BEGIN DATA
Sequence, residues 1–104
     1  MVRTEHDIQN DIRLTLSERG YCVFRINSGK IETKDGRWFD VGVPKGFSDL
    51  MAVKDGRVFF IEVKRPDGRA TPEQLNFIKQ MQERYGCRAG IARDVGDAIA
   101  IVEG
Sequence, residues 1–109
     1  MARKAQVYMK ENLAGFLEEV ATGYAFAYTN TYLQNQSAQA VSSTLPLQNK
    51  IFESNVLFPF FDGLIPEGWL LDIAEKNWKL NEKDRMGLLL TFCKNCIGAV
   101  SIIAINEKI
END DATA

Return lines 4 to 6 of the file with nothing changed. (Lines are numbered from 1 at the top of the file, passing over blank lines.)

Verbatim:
   101  IVEG
Sequence, residues 1–109
     1  MARKAQVYMK ENLAGFLEEV ATGYAFAYTN TYLQNQSAQA VSSTLPLQNK